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North Dakota woman dies of rare rodent disease



The unidentified adult woman became ill with Hantavirus Pulmonary Syndrome. Humans can be exposed to HPS by inhaling air that is contaminated with the virus, when fresh rodent excrement, urine or nesting material is disturbed but not transmitted from person to person.

The woman may have had contact with rodents, urine or feces in the environment, according to a press release. She was neither mentioned in a press release nor was she a resident.

"Humans need to be aware of the presence or detection of wild rodents or rodent nests when cleaning up in a house, barn or other building, especially in rural areas," said Jill Baber, epidemiologist for the department, in one Statement. "It's important to avoid activities that stir up dust, such as sweeping or vacuuming, when there are signs of rodents."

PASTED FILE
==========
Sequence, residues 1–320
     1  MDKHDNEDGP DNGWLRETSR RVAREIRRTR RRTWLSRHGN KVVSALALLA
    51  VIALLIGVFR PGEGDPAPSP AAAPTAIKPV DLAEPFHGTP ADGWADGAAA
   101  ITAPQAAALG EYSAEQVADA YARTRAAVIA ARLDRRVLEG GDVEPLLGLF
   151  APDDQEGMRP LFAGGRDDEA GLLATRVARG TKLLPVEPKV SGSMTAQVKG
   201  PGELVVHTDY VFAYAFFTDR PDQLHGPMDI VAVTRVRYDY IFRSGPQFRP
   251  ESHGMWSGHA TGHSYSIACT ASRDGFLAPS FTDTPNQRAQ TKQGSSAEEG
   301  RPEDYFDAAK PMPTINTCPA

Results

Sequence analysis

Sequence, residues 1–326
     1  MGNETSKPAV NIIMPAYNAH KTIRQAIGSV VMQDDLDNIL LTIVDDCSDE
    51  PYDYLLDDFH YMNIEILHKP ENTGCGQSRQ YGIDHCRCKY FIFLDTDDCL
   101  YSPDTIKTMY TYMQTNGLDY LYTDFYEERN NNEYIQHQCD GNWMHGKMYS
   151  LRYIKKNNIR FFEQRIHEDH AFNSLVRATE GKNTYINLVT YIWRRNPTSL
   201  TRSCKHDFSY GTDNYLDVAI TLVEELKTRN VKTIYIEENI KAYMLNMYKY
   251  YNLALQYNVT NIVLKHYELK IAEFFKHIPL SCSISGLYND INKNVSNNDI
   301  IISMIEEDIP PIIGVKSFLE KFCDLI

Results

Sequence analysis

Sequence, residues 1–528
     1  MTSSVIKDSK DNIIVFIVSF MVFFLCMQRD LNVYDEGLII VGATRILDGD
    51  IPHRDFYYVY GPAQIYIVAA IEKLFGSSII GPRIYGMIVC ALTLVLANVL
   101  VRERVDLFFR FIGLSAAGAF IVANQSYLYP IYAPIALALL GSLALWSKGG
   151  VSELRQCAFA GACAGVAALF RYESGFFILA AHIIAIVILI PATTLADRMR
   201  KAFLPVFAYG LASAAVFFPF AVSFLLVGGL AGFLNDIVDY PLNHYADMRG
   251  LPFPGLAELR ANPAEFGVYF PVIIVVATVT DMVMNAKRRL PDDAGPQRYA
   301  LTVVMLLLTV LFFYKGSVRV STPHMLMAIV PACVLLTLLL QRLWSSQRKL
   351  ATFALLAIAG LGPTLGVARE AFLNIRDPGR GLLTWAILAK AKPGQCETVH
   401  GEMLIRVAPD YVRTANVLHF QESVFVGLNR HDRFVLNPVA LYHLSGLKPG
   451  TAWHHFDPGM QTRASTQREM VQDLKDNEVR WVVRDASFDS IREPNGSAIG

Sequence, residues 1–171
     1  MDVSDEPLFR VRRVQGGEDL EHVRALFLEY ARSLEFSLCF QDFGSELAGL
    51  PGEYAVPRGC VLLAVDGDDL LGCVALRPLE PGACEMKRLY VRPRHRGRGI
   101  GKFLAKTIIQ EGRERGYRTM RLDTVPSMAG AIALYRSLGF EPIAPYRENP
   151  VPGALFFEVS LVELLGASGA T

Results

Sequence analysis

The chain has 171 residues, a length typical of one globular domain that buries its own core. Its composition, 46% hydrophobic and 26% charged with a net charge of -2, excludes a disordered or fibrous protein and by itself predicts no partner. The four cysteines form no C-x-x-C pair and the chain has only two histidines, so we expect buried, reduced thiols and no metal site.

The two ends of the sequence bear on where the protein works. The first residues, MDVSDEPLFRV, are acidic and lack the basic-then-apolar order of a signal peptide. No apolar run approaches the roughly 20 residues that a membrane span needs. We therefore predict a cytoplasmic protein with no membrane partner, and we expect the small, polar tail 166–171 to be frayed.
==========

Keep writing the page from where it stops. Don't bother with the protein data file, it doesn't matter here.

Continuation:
The State Department of Health has received only 1

6 reported cases of HPS since 1993, and eight of them were fatal. The last reported case was 2016.

Early symptoms include fever, muscle and limb pain, tiredness, headache, dizziness, chills, nausea and vomiting. The disease develops in a few days with coughing and severe respiratory distress.


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